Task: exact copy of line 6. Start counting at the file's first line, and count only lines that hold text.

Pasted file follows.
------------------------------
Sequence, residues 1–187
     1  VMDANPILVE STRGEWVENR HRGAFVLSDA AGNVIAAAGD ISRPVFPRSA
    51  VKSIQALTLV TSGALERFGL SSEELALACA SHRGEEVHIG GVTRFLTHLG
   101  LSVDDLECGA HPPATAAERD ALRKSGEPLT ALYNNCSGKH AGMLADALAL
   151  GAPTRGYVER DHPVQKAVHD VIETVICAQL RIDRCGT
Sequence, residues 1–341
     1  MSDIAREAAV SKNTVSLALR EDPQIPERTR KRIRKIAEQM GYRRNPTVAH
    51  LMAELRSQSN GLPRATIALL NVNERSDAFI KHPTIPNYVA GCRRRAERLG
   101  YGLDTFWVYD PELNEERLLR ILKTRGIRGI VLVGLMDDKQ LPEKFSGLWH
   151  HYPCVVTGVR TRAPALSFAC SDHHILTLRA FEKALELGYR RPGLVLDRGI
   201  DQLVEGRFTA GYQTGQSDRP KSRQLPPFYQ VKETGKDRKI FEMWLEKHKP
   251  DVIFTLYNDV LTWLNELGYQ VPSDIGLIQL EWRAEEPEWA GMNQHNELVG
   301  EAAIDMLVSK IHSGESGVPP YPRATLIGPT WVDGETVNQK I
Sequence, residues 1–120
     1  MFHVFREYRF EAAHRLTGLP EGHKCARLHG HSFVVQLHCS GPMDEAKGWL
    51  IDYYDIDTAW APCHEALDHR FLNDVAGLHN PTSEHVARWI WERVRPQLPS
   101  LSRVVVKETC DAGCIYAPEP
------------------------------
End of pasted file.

Sequence, residues 1–341